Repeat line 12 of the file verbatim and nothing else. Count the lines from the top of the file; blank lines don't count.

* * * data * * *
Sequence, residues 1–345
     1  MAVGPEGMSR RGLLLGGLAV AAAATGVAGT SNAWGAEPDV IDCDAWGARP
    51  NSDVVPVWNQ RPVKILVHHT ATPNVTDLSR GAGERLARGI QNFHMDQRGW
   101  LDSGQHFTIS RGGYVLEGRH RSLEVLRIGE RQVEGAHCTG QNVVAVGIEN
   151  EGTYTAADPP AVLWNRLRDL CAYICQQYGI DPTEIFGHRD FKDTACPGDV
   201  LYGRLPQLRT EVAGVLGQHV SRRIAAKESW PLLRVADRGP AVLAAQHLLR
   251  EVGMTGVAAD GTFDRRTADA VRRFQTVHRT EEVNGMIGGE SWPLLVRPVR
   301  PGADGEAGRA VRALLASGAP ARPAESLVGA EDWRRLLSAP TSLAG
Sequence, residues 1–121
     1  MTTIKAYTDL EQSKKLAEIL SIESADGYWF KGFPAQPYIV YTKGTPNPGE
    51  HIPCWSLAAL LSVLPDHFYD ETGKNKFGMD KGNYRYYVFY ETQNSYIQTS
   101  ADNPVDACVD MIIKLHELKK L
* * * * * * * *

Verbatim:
   101  ADNPVDACVD MIIKLHELKK L